I apologize if you came to this post expecting to see bunnies frolicking in my yard. First and foremost because we don’t really have a yard, but also because the bunnies are from my herd of New Zealand / Flemish / Rex mixes. I started raising rabbits 3 years ago as a healthy, alternative meat supply. At the time I was also raising quail in my suburban backyard, but that is another story.
I started with a pair of New Zealand / Flemish mixes that worked out great. I grew the “herd” from the two up to three does and a buck. I breed for a couple of litters a year to go easy on the does and as we used the meat. At that point I started selling my excess to have cash to buy feed and make it a more sustainable operation. The problem was that I had basically albino bunnies, white with scary red eyes. The market was a little limited.
One day after spending way too much time online, I ran across blue eyed white bunnies. They were calling them Sinatra’s. This is all based on the Vienna gene which is responsible for the blue eyes. They were unique and people thought they were cute, so began my journey to create a good meat rabbit that was white with blue eyes. I told myself it was to make they easier to sell, but really it was just for the challenge of doing something like this to add another level of interest to my rabbit hobby. 🙂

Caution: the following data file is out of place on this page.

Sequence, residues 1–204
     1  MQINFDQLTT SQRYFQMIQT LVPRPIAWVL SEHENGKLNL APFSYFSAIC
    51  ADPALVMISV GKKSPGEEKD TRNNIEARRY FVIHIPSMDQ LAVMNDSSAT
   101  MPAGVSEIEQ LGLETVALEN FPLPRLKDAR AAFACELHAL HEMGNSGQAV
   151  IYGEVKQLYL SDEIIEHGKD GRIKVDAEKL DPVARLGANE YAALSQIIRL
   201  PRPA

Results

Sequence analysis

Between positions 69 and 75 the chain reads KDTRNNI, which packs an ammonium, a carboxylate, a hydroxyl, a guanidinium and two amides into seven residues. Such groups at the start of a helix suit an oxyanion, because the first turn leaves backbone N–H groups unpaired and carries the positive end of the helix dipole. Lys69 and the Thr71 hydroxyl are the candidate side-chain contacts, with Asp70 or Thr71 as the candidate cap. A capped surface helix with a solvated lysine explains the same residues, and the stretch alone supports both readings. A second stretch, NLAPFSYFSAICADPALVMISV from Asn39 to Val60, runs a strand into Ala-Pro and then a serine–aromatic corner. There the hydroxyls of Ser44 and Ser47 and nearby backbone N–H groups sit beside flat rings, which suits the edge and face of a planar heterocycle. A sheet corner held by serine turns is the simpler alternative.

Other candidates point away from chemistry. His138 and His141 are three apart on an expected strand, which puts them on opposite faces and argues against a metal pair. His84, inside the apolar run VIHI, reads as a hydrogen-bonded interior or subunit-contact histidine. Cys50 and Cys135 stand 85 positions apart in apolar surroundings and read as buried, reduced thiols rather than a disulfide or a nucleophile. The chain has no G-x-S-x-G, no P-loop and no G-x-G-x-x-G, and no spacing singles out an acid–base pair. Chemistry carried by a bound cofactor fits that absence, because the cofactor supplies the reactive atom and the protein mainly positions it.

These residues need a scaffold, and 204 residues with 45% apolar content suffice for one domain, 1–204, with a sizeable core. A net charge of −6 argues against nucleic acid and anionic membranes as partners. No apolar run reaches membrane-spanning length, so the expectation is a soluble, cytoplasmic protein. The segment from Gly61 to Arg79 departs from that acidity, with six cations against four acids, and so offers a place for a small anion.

So I bought what I thought were three Rex rabbits (1 doe and 2 bucks) that had the Vienna gene from an out of state breeder. One was a blue eyed white, the other two just had the gene. It was only after delivery I discovered I had 3 bucks. Oh well, I had the gene I needed. So I began a breeding program with my larger meat rabbits does (NZW/Flemish) and the new bucks. My goal is to get a larger stock than the original Rex’s, but with the awesome smooth soft fur of the original rabbits. After only a couple rounds (generations) of breeding I have finally a spring 2015 litter with 3 blue eyed whites. They are only two weeks old so I am waiting patiently to see how big they get and how soft their fur ends up.
Okay enough talk, here of some pictures to ooohhh and aahhh over! 🙂 Sorry a little grainy.
This is part 1 of several post about our chickens. It starts before we moved to Stone Hill Ridge. We lived in the city and according to city code were not allowed to have chickens unless we had at least three acres, which we did not.
So I got a copy of the actual code and it was VERY specific, not chickens, ducks, turkey, or guinea fowl. So I got to thinking what else is there that isn’t specific excluded. Ostriches weren’t going to work so I went with quail. For more on that check out Backyard Quail.
That went well for a while and then the city changed the code to allow chickens under certain rules. For example no more than 6 chickens and no roosters. So we got some chicks and built a coop.
City coop with rabbit cages
We had also been raising rabbits (more on that later) so we built rabbit cages on the side of the coop.
The chicks were 3 white leghorn and 3 brown leghorn. Much to our surprised they all survived to adulthood and started laying. We had plenty of fresh eggs as did friends and neighbors.
Fast forward to now, because there was no pre-existing buildings or an easy way to move the old coop we gifted the leghorns to a co- worker when we sold the house.